Lumkuia

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Lumkuia
Temporal range: Middle Triassic
Lumkuia.jpg
Scientific classification e
Kingdom: Animalia
Phylum: Chordata
Order: Therapsida
Suborder: Cynodontia
Family: Lumkuiidae
Genus: Lumkuia
Hopson and Kitching, 2001
Species
  • L. fuzzi Hopson and Kitching, 2001

Lumkuia is an extinct genus of probainognathian cynodonts. It is the earliest and most basal known member of Probainognathia, with fossils being found from the Cynognathus Assemblage Zone of the Beaufort Group in the South African Karoo Basin that date back to the early Middle Triassic. Lumkuia is not as common as other cynodonts from the same locality such as Diademodon and Trirachodon.[1] Previously, early probainognathians were only known from younger strata in South America that were deposited in the late Middle and Late Triassic.[2][3][4][5][6][7][8] The genus has been placed in its own family, Lumkuiidae.

The postcanines are similar to the later chiniquodontids, but the secondary palate is quite short in comparison, and the genus lacks the angulation of the ventral cranial margin seen in chiniquodontids.[9] Lumkuia can be seen as more derived than other contemporary cynodonts such as Cynognathus with the crowns of its teeth high and narrow and having inwardly curving tops. The genus was named in 2001 on the basis of the holotype specimen BP/1/2669, which can now be found at the Bernard Price Institute in Johannesburg, South Africa.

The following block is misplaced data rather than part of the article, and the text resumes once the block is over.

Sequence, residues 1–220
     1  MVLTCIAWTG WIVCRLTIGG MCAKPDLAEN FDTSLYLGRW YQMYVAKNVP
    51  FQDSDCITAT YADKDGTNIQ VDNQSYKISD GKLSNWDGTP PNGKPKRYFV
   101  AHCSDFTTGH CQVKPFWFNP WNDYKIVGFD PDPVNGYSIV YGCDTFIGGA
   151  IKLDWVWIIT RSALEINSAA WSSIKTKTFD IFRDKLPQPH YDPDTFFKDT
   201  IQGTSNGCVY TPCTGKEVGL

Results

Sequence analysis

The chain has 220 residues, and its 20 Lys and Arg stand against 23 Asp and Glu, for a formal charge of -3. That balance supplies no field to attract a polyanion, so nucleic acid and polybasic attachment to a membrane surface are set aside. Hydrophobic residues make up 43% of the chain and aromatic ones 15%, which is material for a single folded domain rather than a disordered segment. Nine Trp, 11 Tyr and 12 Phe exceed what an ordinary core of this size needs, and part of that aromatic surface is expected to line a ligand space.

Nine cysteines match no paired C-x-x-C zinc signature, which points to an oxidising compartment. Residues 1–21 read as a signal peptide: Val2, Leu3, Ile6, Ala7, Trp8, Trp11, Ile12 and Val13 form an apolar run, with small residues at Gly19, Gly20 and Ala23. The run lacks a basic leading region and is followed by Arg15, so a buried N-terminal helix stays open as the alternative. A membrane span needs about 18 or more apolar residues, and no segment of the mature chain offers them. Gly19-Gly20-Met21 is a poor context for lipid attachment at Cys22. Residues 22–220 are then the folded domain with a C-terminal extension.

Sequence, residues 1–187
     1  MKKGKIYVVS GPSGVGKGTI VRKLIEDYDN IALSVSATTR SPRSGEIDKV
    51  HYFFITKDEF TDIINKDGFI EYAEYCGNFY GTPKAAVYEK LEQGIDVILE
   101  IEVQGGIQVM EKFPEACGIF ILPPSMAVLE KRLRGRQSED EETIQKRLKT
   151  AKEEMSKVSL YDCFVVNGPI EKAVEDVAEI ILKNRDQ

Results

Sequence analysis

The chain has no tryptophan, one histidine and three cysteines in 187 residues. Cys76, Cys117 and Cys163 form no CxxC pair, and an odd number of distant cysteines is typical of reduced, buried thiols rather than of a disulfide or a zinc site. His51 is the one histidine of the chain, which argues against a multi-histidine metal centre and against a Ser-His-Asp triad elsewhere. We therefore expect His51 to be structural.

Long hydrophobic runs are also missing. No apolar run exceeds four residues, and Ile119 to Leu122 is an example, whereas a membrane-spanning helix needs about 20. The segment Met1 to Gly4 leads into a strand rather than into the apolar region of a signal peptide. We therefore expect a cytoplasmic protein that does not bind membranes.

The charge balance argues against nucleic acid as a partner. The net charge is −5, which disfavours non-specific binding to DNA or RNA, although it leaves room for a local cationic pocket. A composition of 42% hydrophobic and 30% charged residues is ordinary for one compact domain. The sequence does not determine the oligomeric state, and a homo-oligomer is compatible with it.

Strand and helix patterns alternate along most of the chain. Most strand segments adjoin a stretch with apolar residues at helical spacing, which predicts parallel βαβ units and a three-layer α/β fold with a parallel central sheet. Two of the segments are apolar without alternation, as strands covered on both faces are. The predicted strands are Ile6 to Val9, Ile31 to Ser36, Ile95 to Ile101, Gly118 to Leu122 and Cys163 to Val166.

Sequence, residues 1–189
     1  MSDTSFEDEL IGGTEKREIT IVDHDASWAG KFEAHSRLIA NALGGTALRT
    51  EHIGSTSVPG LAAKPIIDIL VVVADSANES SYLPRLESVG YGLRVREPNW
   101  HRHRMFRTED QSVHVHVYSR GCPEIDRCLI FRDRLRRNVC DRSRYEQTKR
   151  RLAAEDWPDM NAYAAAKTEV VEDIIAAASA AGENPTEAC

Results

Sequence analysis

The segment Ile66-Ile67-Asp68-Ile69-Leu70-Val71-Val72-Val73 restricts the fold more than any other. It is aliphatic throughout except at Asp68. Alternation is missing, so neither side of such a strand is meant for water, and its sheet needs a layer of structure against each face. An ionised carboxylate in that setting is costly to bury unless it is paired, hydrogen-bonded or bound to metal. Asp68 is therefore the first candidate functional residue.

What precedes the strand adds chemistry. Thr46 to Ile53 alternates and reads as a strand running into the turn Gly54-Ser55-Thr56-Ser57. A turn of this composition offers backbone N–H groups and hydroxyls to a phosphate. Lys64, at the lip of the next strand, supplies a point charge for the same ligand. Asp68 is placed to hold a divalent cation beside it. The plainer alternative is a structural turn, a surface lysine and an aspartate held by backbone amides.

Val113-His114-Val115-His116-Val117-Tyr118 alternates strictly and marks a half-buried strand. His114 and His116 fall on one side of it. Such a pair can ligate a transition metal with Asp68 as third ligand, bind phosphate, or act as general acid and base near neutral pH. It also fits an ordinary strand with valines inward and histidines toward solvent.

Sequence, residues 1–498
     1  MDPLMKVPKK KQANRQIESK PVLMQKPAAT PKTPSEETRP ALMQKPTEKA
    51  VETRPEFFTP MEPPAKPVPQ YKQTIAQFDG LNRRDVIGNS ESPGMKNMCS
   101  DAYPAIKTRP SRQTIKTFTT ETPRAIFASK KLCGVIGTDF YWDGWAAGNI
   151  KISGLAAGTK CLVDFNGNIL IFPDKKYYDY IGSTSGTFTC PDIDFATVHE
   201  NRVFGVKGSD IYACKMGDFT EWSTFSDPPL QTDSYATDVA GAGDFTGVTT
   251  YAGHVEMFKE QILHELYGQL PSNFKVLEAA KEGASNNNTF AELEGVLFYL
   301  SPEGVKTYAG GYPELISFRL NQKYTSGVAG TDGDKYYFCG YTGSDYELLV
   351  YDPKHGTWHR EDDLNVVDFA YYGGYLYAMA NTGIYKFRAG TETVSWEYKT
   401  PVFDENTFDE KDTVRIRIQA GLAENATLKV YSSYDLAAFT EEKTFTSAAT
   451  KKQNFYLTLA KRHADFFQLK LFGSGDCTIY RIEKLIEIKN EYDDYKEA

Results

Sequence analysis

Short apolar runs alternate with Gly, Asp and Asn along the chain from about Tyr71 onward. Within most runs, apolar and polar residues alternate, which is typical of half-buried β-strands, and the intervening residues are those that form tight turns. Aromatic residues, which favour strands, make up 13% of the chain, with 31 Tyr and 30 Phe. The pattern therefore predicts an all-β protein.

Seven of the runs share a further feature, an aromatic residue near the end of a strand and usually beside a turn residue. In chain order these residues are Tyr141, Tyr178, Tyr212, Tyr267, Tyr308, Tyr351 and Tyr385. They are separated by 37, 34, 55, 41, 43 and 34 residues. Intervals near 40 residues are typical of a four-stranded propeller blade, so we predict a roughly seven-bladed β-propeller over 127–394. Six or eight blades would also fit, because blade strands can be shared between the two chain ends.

References[edit]

  1. ^ Fernando Abdala, P. John Hancox and Johann Neveling (2005). Cynodonts from the Uppermost Burgersdorp Formation, South Africa, and Their Bearing on the Biostratigraphy and Correlation of the Triassic Cynognathus Assemblage Zone. Journal of Vertebrate Paleontology 25(1):192-199.
  2. ^ Romer, A. S. (1969). The Chañares (Argentina) Triassic reptile fauna V. A new chiniquodontid cynodont, Probelesodon lewisi- cynodont ancestry. Breviora 333:1–24.
  3. ^ Romer, A. S. (1970). The Chañares (Argentina) Triassic reptile fauna VI. A chiniquodontid cynodont with an incipient squamosaldentary jaw articulation. Breviora 344:1–18
  4. ^ Martinez, R. N. and Forster, C. A. (1996). The skull of Probelesodon sanjuanensis, Sp. Nov., from the Late Triassic Ischigualasto Formation of Argentina. Journal of Vertebrate Paleontology 16:285–91.
  5. ^ Martinez, R. N., May, C. L. and Forster, C. A. (1996). A new carnivorous cynodont from the Ischigualasto Formation (Late Triassic, Argentina), with comments on eucynodont phylogeny. Journal of Vertebrate Paleontology 16:271–84.
  6. ^ Romer, A. S. (1969). The Brazilian Triassic cynodont reptiles Belesodon and Chiniquodon. Breviora 332:1–16
  7. ^ Hopson, J. A. (1995). Patterns of evolution in the manus and pes of non-mammalian therapsids. Journal of Vertebrate Paleontology 15:615–39.
  8. ^ Rubidge, B. S. and Sidor, C. A. (2001). Evolutionary patterns among Permo-Triassic theraspids. Annual Review of Ecology and Systematics 32:449-480.
  9. ^ Hopson, J. A. and Kitching, J. W. (2001). A probainognathian cynodont from South Africa and the phylogeny of non-mammalian cynodonts. Bulletin of the Museum of Comparative Zoology 156(1):5-35

External links[edit]